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aardvark a large mammal with a long snout, long ears, a long tail, and almost no hair. Aardvarks are active at night, when they use their powerful claws to dig open ant or termite nests. They catch their food with long, sticky tongues. Aardvarks live in southern and central Africa. Although they are sometimes called anteaters, aardvarks are not closely related to any other kind of mammal.
abbey a religious place or building where monks or nuns live.
abide to live; dwell. [1/3 definitions]
aborigine one of the first people to live in an area.
algae organisms that live mainly in the water and make their food through photosynthesis. Algae are different from plants in that they have no true leaves, roots, or stems. Seaweeds are algae. "Algae" is a plural noun; the singular form is "alga."
alligator a large reptile with short legs, a long body and tail, and a long, wide snout. Alligators are protected by thick skin with many hard bumps. They live in rivers, lakes, swamps, and other bodies of water in the southeast United States and in China. They usually eat insects, fish, turtles, snakes, birds, and other water animals, but have been known to attack small land mammals. They are closely related to crocodiles. Chinese alligators are endangered because their habitat is being changed by people.
alpaca an animal with long legs and a long neck. Alpacas live in the mountains of South America. They are mammals closely related to llamas and to camels. Alpacas are raised for their long, soft wool.
amoeba a tiny living thing made of only one cell. Amoebas move by changing their shape. They eat by wrapping their bodies around their food. Amoebas live in fresh and salt water, soil, and in animals. Most kinds of amoebas can only be seen through a microscope.
amphibious able to live both on land and in water. [1/2 definitions]
ant an insect that lives in large, organized groups called colonies. Most kinds of ants live in or on the ground. Ants are related to bees and wasps.
anteater a mammal that uses its long, sticky tongue to eat ants and termites. True anteaters have no teeth, are furry, and live in Central or South America. They are related to armadillos and sloths. Other kinds of mammals that eat ants are also sometimes called anteaters, but they are not related to American anteaters.
antelope an animal with horns, a long neck, long legs, and hooves. Antelopes are known for their fast running. Antelopes are mammals that eat plants and chew their cud. The smallest kind of antelope is only one foot tall; the largest antelope is six feet tall at the shoulder. Gazelles, gnus, and impalas are all antelopes. Most antelopes live in Africa; some also live in Asia. [1/2 definitions]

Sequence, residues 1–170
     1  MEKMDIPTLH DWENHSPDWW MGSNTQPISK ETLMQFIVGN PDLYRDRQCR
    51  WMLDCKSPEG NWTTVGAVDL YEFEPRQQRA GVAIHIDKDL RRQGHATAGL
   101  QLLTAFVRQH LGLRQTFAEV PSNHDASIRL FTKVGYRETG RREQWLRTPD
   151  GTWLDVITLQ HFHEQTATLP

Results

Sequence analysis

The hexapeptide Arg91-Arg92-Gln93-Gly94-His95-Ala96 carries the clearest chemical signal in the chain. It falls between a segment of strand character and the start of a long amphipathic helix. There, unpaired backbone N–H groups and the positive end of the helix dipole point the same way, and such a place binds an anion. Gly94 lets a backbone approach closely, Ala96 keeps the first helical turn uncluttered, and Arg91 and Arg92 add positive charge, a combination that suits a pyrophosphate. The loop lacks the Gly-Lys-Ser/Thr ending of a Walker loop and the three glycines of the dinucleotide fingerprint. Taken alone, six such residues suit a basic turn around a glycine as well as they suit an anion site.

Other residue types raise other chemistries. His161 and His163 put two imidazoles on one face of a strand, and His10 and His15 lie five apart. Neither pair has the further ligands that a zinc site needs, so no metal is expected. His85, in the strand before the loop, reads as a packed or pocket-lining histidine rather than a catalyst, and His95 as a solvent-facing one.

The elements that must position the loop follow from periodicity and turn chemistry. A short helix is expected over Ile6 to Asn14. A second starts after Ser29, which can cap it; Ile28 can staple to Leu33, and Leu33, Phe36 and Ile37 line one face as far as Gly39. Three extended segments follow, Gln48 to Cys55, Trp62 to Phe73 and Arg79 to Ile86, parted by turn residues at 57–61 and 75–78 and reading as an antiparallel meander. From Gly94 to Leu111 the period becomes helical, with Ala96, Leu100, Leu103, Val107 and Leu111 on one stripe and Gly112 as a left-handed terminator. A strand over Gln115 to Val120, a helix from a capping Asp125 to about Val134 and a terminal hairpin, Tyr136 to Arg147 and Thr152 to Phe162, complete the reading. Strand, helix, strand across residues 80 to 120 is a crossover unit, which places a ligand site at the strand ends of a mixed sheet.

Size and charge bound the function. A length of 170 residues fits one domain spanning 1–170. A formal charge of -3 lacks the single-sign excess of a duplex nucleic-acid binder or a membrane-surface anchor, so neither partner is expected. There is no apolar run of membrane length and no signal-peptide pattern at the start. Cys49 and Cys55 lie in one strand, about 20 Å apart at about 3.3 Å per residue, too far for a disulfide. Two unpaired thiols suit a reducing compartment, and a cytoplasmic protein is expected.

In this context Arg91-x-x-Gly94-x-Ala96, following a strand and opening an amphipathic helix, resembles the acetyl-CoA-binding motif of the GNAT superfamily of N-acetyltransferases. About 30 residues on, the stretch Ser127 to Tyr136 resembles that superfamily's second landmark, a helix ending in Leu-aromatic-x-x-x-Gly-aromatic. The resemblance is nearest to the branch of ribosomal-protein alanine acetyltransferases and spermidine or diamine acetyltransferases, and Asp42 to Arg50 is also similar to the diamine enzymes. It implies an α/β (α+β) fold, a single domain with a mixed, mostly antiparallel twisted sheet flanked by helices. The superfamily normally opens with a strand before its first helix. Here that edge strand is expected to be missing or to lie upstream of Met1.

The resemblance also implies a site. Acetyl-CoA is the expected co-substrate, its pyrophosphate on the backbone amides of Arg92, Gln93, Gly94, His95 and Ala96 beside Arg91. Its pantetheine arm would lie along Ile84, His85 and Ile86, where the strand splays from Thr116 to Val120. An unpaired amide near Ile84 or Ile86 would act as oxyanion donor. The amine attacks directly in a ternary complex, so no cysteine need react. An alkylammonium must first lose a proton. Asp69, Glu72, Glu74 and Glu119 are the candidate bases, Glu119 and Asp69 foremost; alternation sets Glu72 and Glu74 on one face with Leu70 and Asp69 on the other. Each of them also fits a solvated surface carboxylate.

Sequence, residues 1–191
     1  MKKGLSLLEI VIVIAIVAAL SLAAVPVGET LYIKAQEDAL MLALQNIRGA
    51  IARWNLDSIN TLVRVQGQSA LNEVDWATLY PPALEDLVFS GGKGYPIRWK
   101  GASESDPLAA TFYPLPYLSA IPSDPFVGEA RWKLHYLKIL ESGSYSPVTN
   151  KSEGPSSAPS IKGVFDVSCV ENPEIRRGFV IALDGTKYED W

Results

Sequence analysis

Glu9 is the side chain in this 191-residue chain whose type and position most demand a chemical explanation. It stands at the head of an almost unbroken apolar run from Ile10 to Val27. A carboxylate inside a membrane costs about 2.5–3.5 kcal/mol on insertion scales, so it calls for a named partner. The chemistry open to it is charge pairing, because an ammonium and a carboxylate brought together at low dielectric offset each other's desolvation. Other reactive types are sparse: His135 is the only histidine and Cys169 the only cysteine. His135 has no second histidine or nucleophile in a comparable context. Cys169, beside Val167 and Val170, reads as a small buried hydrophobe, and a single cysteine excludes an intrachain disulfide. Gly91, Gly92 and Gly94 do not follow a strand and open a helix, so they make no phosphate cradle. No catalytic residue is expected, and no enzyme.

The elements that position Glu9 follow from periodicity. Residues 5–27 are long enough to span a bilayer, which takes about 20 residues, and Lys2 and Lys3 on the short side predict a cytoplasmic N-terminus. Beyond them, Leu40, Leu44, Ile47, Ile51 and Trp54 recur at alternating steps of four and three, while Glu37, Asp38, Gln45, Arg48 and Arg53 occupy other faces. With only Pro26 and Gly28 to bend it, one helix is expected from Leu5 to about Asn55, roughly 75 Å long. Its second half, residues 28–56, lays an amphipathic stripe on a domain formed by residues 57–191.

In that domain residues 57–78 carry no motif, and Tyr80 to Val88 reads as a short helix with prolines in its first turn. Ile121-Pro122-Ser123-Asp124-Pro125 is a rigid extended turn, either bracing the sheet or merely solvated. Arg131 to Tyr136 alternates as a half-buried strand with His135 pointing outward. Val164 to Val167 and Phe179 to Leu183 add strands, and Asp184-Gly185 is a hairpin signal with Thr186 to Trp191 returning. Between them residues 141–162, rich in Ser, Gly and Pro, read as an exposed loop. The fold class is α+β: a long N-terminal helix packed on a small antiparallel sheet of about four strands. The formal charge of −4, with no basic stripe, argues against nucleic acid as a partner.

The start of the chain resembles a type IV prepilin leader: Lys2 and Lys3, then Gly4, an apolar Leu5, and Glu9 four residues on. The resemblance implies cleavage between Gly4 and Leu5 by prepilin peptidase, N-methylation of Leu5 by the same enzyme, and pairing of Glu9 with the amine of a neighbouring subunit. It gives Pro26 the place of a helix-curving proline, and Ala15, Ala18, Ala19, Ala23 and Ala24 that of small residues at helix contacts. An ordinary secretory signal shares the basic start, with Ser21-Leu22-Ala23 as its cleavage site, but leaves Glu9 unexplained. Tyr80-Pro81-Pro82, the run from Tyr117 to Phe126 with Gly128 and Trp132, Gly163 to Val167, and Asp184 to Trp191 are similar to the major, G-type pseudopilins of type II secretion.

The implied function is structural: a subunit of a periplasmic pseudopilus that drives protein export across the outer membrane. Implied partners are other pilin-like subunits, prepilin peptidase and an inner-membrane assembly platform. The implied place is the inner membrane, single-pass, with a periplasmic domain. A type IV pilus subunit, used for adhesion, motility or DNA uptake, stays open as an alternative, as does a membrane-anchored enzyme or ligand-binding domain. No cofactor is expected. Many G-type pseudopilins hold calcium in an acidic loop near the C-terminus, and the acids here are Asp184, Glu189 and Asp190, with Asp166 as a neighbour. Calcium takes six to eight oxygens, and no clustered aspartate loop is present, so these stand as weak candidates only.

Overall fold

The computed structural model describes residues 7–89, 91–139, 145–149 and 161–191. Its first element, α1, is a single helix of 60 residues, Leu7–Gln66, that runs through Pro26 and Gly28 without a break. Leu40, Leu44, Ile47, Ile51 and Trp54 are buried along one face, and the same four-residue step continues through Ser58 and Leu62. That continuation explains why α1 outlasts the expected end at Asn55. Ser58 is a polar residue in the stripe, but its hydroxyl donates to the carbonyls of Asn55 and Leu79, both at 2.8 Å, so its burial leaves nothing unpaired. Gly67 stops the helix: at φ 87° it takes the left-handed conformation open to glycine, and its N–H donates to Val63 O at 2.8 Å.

ape a mammal in the group of primates, which includes chimpanzees, gibbons, gorillas, and orangutans. Apes do not have tails. They have very flexible hands and feet. Apes range in size from three to six feet tall, and they can weigh up to 450 pounds. Apes live in the forests in Africa and Asia. [1/2 definitions]
aquaculture the farming of plants and animals that live in water.
armadillo a mammal whose body is protected by hard, bony plates. Armadillos live in Central and South America, and the southern United States. Some kinds of armadillos are only six inches long; other kinds grow up to four feet in length. They eat mostly insects and are related to sloths and anteaters.
a roof over one's head a place to live; home; shelter.
ass a mammal with long legs and hooves that is closely related to the horse. A donkey is a domestic ass. Asses look like horses but are smaller and have longer ears. Wild asses live in Africa and Asia and are in danger of becoming extinct. [1/2 definitions]
baboon a large monkey that has a long snout like a dog's. Baboons live on the ground in large groups in Africa and Arabia. They can be powerful fighters.
bacteria microscopic organisms that often play a role in the decay of living things, the process of fermentation, and sometimes in causing disease. Bacteria are each made up of only one cell, but different kinds of bacteria can take different shapes. These organisms live in all parts of the earth including oceans, deserts, glaciers, hot springs, and in the bodies of most living things. While some kinds of bacteria are dangerous, most kinds are useful because they help in the digestion of food, in the making of soil, in the creation of medicines, and in many other natural processes.
badger a furry mammal with short legs and a long body. The American badger has a white stripe on its forehead that runs down its back, and it has long dark marks on its face also. Badgers eat worms, rodents, rabbits, and plants. Different kinds of badgers live in Europe, Asia, and North America. They are related to skunks, otters, and other kinds of weasels. [1/2 definitions]
barrack (usually plural) a building where soldiers live for a short amount of time.